Puppy mills like to focus more on profits then the actual well being of the dogs within their facility. Therefore, there is little regard for genetic quality and puppies that are born in puppy mills often suffer from genetic and congenital conditions such as heart disease as well as blood and respiratory disorders. In addition to that they also often arrive to pet stores and their new homes with things like parasites and pneumonia. Because they are often taken from their mothers and siblings at such a young age to be sold, they may also suffer from behavior problems such as fear and anxiety. Also, pet stores often charge ridiculously high prices for their puppies. In fact, one time when I was real young and not as learned as I am now, I walked into a pet store at my local mall and noticed a man and his son looking at a Chihuahua puppy that was for sale. When the father asked about the price of the dog, the shopkeeper immediately came out with, “$1,200.00.” I was shocked. I might have been a kid myself then, but even I knew that was WAY to expensive. Not when my parents let me adopt my Scarlett from a local shelter and her adoption fee was only $35 (and yes, I do know that was before all other expenses).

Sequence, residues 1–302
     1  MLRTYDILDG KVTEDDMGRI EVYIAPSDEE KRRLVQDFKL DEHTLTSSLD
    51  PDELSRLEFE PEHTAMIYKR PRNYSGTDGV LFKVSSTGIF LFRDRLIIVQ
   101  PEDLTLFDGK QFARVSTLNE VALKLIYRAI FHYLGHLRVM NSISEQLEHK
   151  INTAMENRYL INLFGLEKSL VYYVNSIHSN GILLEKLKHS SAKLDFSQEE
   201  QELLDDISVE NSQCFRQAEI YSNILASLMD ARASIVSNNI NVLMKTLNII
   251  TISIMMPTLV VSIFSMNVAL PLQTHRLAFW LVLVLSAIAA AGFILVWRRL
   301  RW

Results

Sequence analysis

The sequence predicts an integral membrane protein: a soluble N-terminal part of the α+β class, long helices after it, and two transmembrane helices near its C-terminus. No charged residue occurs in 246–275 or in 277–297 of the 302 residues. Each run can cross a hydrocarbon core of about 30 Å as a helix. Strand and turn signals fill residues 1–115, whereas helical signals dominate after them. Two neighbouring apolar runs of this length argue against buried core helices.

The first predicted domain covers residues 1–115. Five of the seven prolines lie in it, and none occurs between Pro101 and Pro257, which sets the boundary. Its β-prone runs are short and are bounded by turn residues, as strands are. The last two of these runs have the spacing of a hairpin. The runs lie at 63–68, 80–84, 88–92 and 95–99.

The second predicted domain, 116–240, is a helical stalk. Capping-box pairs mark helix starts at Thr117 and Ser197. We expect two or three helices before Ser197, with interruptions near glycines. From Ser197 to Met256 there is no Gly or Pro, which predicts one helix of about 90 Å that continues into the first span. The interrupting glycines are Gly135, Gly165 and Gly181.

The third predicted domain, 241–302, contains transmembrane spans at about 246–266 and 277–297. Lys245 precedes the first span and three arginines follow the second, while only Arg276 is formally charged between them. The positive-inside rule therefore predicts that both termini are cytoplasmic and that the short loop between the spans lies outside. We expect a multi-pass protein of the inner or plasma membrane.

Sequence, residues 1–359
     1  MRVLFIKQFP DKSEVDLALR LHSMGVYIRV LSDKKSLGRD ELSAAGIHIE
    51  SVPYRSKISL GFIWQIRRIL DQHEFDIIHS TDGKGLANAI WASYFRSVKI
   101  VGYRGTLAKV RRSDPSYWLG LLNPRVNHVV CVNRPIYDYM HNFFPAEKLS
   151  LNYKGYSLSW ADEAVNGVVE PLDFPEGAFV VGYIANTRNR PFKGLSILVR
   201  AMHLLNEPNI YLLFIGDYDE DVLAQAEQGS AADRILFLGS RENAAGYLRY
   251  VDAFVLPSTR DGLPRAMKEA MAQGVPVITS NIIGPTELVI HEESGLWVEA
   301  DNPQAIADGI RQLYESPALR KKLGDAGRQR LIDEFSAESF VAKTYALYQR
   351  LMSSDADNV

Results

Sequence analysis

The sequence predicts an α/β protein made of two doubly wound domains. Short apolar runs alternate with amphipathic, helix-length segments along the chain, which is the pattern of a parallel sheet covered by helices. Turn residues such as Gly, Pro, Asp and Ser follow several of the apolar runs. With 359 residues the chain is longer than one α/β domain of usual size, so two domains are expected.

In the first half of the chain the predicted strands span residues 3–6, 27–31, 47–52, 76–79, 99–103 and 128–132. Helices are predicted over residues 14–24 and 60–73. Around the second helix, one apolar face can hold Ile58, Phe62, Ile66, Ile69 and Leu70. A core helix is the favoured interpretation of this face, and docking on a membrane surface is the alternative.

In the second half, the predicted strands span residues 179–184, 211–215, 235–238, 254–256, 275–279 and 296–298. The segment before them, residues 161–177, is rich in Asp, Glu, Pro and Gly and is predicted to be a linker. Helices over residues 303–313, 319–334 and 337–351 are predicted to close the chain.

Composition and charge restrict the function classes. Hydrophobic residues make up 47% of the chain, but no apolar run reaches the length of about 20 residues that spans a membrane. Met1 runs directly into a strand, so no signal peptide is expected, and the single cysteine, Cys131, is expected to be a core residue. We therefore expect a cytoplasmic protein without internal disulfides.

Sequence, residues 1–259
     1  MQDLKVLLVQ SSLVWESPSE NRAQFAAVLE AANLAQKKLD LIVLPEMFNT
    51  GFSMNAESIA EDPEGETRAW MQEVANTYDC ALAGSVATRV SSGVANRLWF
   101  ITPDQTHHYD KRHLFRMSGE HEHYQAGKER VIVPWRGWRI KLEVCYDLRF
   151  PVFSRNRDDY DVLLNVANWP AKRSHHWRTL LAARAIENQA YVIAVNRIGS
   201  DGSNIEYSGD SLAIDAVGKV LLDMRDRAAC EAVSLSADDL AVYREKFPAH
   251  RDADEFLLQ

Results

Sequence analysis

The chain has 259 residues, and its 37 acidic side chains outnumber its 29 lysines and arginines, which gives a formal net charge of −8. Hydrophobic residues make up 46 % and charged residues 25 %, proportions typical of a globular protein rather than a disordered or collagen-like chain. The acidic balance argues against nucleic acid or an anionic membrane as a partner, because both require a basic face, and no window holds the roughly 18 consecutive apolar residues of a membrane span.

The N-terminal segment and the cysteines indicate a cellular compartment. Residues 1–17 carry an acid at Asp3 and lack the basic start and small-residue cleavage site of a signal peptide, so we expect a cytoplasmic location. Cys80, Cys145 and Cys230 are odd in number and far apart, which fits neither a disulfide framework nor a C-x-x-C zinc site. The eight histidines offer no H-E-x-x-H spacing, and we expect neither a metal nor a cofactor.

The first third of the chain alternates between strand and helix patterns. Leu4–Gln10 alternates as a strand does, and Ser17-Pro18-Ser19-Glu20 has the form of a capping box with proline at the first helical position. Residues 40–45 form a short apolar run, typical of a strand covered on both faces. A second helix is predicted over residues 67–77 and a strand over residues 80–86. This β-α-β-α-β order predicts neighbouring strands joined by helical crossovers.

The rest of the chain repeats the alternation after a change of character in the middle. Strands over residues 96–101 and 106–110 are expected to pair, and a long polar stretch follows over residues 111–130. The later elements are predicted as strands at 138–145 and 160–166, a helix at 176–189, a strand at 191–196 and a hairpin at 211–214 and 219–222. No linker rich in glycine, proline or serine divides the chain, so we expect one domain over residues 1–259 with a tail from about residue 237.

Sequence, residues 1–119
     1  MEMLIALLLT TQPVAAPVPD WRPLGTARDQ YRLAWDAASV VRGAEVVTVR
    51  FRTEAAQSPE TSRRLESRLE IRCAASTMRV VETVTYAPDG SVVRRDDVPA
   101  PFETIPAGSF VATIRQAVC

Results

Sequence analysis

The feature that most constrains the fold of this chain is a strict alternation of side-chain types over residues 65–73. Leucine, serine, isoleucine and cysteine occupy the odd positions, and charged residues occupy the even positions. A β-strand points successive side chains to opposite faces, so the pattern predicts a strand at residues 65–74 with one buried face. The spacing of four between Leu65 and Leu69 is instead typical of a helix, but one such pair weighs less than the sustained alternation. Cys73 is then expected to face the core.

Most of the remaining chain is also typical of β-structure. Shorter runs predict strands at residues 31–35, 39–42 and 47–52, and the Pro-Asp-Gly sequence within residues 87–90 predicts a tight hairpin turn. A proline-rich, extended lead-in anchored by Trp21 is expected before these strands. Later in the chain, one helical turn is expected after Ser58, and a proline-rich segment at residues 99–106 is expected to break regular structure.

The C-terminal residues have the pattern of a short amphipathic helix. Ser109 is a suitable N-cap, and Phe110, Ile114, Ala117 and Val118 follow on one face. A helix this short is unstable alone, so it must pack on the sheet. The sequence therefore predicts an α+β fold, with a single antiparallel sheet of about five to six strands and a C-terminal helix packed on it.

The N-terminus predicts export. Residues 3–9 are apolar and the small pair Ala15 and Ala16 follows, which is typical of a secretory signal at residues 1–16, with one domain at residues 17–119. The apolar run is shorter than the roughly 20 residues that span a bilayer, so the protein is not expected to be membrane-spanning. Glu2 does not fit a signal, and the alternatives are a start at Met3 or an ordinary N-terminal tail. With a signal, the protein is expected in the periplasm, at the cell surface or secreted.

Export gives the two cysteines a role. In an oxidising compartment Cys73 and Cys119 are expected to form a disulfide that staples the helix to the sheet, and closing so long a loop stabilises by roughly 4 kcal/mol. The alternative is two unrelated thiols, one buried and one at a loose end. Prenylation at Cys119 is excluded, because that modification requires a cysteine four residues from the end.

HOW TO SPOT A PUPPY MILL

Puppy mills can be difficult to spot. No one wants to appear to be cruel to their animals when they are trying to turn a profit. However, even if the place you are going to looks clean and presentable, it could still be a puppy mill. Here are some signs to look for carefully:

  • Unhealthy animals – matted coats, sores, unsightly tear stains. These problems are not merely cosmetic and can actually be quite painful, so don’t fall for any offers to groom the puppy for you if you buy it. Tear stains can also lead to bacterial growth and infections if they are not properly cleaned.
  • Uncleared waste – This one speaks for itself.